San Giacomo delle Marche
by Bret Thoman, OFS
On one occasion while traveling to Assisi for work, he went to pray in the church of the Portiuncula, St. Mary of the Angels. Inspired by the friars he witnessed there and by the example of St. Francis, Domenico decided to enter the Franciscan Order. In 1416, at 23 years of age, he became a novice, taking the religious name of James. He was ordained a priest four years later and he eventually became known throughout Italy as a forceful preacher, penitent, peacemaker, builder, healer, and finally saint.
James of the Marches was known for his severe penances. He fasted often, he slept only a few hours of sleep nightly, and he always wore underneath his habit either a rough hair shirt or an iron coat of mail armed with short sharp spikes. Toward the end of his life, Pope Sixtus IV forbade him to fast, saying that his health was "in the public interest."
James took his vows seriously. Due to his promise of poverty, he traveled on foot everywhere he went. He pulled a small wagon by hand, which contained all his possessions: a bible, a prayer book, some theological works, liturgical vestments and vessels. He personally hand-copied most of the few books he owned, and he wore just a threadbare habit. He took the practice of obedience very seriously, as well. In fact, on one occasion, he received an order from his superior to go abroad while lifting a cup to his mouth to drink. He immediately set it down and left without drinking, as he was afraid of losing the merit of obedience by the least delay.
James was endowed with universal gifts, which he used to work indefatigably to build up the kingdom of God. He used his legal training to write civil statues for eleven cities, some of which are still on the books today. He negotiated peace and worked to reconcile various groups: catholics with heretics, warring nations, feuding towns, guelphs and ghibellines, but above all, men with God. He was successful at accomplishing numerous building projects: he helped construct basilicas, friaries, convents, libraries, public cisterns and wells. He instituted a credit agency called Montes Pietatis (literally, "mounts of piety"), which was a nonprofit credit agency that lent money at low interest rates (or none at all), upon the security of objects left as collateral. He served as Apostolic Nuntio to the Holy See and traveled various times to Germany, Austria, Sweden, Denmark, Bohemia, Poland, Hungary, Bosnia, Dalmatia, and Slovenia - no small feat, given the difficult means of travel then. He also found the time to write 18 books. So remarkable were his accomplishments that the pope offered James the position of Archbishop of Milan, one of the most prestigious dioceses in Europe throughout the Middle Ages. James, however, refused, preferring instead the simple life of the itinerant preacher.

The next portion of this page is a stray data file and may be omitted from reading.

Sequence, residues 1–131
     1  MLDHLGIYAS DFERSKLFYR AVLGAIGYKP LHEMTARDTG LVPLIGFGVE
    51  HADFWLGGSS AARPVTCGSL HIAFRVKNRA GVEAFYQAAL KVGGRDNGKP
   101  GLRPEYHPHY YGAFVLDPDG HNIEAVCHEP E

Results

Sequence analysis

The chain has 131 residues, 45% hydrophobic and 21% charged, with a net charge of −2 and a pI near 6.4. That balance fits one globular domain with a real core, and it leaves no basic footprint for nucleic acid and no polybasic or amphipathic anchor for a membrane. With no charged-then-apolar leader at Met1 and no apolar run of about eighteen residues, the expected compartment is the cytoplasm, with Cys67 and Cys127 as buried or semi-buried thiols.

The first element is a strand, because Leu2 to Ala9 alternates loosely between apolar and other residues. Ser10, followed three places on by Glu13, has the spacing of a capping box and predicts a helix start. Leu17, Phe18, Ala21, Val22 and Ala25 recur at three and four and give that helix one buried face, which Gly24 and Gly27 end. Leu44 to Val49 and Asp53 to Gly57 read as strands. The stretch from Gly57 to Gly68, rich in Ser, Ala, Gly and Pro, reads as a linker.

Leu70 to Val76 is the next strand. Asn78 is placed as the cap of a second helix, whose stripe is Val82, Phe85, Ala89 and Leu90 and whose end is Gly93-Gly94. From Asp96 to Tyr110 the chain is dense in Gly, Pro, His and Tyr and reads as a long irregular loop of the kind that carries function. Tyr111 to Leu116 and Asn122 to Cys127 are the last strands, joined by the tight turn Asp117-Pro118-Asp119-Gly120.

James was also known as a healer. In his day, widespread superstitions in teh form of amulets and other good-luck charms were in use, particularly among the poor. James substituted the pagan symbols with the Latin letters of the name of Jesus, IHS (Iesus Hominum Salvator). He used the Christian symbol to heal people of various maladies by touching the letters to their bodies. Interestingly enough, James's miraculous healings are not limited to centuries ago; to this day, people occasionally call the friars of Monteprandone to report healings or miraculous interventions through the intercession of St. James.
St. JAmes was instrumental in the Observant Franciscan Reform. He was one of the pillars of the Observant movement along with St. Bernardine of Siena, St. John of Capistran, Bl. Albert of Sarteano. These Franciscans sought to "observe" more closely the original Rule of St. Francis at a time of general laxity among many followers. They lived strict poverty and penance and attracted many followers. In 1517, Pope Leo X formally separated the Franciscan Order between the Observants and the Conventuals.
In 1462, James became the subject of the Inquisition. In a sermon, he preached his theological opinion on the Blood of Christ, stating that the blood shed during Christ's passion was not hypostatically united to the divinity of Christ during the three days of his burial. The case was controversial, and James was summoned to appear before the Dominican inquisitor, which he refused. Eventually, James appealed to the Holy See, after which a silence was imposed upon both the Dominican inquisitors and the Franciscans. No decision was ever reached.
James died in Naples on NOvember 28, 1476. His funeral was attended by the pope, the king of Naples, the roual court, many clergy and countless laypersons. James's body remained in the Franciscan church of Santa Maria la Nova in Naples for over five centuries until 2001 when it was finally transferred to his birthplace of Monteprandone. There his incorrupt body remains exposed for the faithful to venerate. Pope Urban VIII beatified him on August 12, 1624, and St. James of the Marches was canonized a saint on December 10, 1726 by Pope Benedict XIII.
He is generally represented as a Franciscan holding a chalice and a veil. His emblem is a chalice from which a snake is escaping - an allusion to the endeavors of certain heretics to poison him. St. James is the patron saint of the Marches region and of children. His feast is celebrated on November 28.